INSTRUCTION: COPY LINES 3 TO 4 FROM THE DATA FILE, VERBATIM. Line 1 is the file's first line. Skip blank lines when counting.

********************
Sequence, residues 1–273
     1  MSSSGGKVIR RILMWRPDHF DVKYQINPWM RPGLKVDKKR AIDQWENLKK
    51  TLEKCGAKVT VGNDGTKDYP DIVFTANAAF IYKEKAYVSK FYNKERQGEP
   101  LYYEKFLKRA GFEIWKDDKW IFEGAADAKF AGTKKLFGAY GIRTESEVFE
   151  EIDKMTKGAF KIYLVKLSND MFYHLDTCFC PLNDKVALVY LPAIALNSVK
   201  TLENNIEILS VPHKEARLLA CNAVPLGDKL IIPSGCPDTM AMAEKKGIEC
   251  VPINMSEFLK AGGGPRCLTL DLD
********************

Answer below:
    51  TLEKCGAKVT VGNDGTKDYP DIVFTANAAF IYKEKAYVSK FYNKERQGEP
   101  LYYEKFLKRA GFEIWKDDKW IFEGAADAKF AGTKKLFGAY GIRTESEVFE